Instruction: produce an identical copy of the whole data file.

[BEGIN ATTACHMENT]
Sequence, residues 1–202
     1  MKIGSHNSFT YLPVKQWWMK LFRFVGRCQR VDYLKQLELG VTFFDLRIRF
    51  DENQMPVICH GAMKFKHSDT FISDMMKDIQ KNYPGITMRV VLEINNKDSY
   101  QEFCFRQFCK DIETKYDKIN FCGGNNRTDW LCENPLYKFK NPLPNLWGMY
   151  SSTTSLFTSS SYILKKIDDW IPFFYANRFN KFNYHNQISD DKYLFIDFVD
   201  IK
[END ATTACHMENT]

Sequence, residues 1–202
     1  MKIGSHNSFT YLPVKQWWMK LFRFVGRCQR VDYLKQLELG VTFFDLRIRF
    51  DENQMPVICH GAMKFKHSDT FISDMMKDIQ KNYPGITMRV VLEINNKDSY
   101  QEFCFRQFCK DIETKYDKIN FCGGNNRTDW LCENPLYKFK NPLPNLWGMY
   151  SSTTSLFTSS SYILKKIDDW IPFFYANRFN KFNYHNQISD DKYLFIDFVD
   201  IK